Ragged Island, Bahamas

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District of Ragged Island
Coat of arms of District of Ragged Island
Coat of arms
Ragged Island in Bahamas (zoom).svg
Coordinates: 22°13′N 75°44′W / 22.217°N 75.733°W / 22.217; -75.733
 • TypeDistrict Council
 • Total23 km2 (9 sq mi)
 • Total72
 • Density3.1/km2 (8.1/sq mi)
Time zoneUTC−5 (EST)
 • Summer (DST)UTC−4 (EDT)

Ragged Island is a small island (9 square miles) and district in the southern Bahamas. Ragged Island is part of the Jumentos Cays and Ragged Island Chain. The crescent-shaped chain measures over 110 miles (180 km) in length and includes cays known as Raccoon Cay, Hog Cay and Double-Breasted Cay. On 8 September 2017, Duncan Town took a direct hit from Hurricane Irma.


Until recently the island had an active salt industry, the salt ponds having been developed in the 19th century by Duncan Taylor, after whom Duncan Town, the only settlement, is named.[1]

Due to the decline of the salt industry, which peaked in the 1930s,[2] there has been a gradual emigration to more prosperous islands such as New Providence, Grand Bahama Island, Abaco Island, The Exumas and Eleuthera.

Population and people[edit]

The population of Ragged Island in the 2010 census was 72.[3] Senator Mizpah Tertullien was born on the island in 1930.

Duncan Town[edit]

Duncan Town is the only settlement in the entire Ragged Island chain and is situated within a bay of shallow water. The island contains a small air strip, a harbor, and a lighthouse. A tower on the south end of the island is visible from ships transiting the Old Bahama Channel.

Most of the inhabitants are direct descendants of the original settlers and they bear their original family names, such as Moxey, Curling, Lockhart, Maycock, Munroe, Wallace, and Wilson. The familiar heritage and their remoteness have resulted in the islands being part of the “family islands” or “out island”. Although the island is remote and sparsely populated, many of its descendants have taken important roles within sailing & maritime affairs, politics, athletics, entertainment and business.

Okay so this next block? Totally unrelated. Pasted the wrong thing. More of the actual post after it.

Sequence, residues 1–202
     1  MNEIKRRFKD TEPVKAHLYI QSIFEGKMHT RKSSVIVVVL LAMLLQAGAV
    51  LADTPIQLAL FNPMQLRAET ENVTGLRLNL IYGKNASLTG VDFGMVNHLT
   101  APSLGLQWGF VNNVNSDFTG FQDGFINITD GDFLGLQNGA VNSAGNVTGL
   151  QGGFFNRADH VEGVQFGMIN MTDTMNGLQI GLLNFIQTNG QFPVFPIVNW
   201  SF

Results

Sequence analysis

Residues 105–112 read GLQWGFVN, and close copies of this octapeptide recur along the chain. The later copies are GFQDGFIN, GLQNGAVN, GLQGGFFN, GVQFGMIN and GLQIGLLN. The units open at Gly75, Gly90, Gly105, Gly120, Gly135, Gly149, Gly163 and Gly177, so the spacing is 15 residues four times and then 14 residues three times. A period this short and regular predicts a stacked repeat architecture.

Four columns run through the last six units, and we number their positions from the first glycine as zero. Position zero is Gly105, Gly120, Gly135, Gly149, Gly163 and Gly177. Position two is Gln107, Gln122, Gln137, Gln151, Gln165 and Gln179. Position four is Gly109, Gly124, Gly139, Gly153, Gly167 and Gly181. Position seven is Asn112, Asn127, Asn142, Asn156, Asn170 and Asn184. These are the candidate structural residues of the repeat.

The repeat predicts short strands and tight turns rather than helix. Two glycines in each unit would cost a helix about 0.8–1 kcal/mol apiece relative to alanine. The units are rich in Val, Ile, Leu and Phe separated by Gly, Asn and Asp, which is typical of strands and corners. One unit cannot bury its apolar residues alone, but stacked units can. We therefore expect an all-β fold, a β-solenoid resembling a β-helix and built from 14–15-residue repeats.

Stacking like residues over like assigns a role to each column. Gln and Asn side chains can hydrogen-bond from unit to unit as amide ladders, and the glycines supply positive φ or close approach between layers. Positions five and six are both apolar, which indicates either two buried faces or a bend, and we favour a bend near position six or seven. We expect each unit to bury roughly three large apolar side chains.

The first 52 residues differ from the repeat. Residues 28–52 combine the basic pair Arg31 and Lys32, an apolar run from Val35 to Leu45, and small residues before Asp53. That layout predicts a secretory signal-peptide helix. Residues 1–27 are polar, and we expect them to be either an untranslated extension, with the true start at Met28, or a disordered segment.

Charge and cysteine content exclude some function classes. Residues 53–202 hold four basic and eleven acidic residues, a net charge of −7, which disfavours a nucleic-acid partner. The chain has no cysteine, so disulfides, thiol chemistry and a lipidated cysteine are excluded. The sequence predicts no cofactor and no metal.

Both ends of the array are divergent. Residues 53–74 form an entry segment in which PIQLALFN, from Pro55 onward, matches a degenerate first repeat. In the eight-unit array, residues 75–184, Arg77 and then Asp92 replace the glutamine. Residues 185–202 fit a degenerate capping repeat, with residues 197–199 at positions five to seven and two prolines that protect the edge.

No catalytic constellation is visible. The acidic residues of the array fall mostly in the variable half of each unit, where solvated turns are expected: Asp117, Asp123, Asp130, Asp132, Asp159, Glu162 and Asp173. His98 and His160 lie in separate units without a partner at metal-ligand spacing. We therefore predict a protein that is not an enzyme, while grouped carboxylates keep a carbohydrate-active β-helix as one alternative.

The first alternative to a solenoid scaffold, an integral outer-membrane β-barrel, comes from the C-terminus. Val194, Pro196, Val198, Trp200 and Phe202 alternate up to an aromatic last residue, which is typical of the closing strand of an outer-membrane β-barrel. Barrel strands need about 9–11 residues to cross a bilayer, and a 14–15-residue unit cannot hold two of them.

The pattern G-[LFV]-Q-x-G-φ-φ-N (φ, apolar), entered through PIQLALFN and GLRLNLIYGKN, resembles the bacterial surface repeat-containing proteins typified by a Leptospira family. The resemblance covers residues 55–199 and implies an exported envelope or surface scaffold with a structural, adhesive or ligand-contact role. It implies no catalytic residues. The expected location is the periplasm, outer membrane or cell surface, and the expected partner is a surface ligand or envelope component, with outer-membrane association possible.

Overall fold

In September 2017, the Prime Minister invoked a mandatory evacuation order all members of the community to leave the island to allow for cleanup and the restoration of services, following a devastating hit by Hurricane Irma. Eighteen residents who had not evacuated prior to the storm were affected by the request, which included the offer of an airlift to New Providence.[4] The prime minister subsequently offered to consider redevelopment of a more robust community if residents were agreeable.[5]

As off March 2019, there are only limited attempts at restoring the island. In a speech on March 19, the Prime Minister evaded reporters questions concerning the proposed solar farm for the island.


In August 2005, a contract was signed with TYCO International to deploy a fiber optic submarine cable in a self-healing ring topology, connecting 14 islands of the Bahamas; namely, New Providence, Andros, Eleuthera, Exuma, Long Island, Ragged Island, Inagua, Mayaguana, San Salvador, Rum Cay, Cat Island, Abaco, Crooked Island and Grand Bahama, at a cost of $60 million.


The island relies on the "mail boat" for transportation to and from the major islands, as well as for freight and commerce.[6]

The island is also served by Duncan Town Airport. Upgrades to the Duncan Town Airport (funded by the European Union) were commenced in 2006 at a cost of $650,000.

The dredging and construction of a dock in Ragged Island commenced in 2006, at an estimated cost of some $3.5 million.


  1. ^ "Duncan Town Police Station". www.bahamaslocal.com. Retrieved 25 October 2012.
  2. ^ "About Ragged Island". www.bahamas.co.uk. Retrieved 25 October 2012.
  3. ^ Ragged Island Population by Settlement and Total Number of Occupied Dwellings: 2010 Census - Bahamas Department of Statistics
  4. ^ Khrisna Russell, Unliveable: PM Urges Remaining Ragged Island Residents To Evacuate, Tribune 242 (Bahamas), September 12, 2017. Retrieved 26 September 2017.
  5. ^ Khrisna Russell, Editorial: Ragged Island Experiment Opportunity Of A Lifetime, Tribune 242 (Bahamas), September 19, 2017. Retrieved 26 September 2017.
  6. ^ Tidwell, Mike (1 March 1999). "Found at Sea". Washington Post. Retrieved 25 October 2012.

Coordinates: 22°13′N 75°44′W / 22.217°N 75.733°W / 22.217; -75.733